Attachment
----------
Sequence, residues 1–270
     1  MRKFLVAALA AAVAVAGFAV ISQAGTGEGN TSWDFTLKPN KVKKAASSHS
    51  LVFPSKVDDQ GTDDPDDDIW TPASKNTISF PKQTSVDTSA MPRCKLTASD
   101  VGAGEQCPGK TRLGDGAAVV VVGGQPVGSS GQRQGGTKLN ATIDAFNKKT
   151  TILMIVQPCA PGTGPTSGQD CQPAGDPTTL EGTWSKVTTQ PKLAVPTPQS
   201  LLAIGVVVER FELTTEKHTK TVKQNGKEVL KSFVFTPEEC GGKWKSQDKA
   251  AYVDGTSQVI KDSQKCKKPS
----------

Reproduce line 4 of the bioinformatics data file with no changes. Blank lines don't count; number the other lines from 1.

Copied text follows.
   101  VGAGEQCPGK TRLGDGAAVV VVGGQPVGSS GQRQGGTKLN ATIDAFNKKT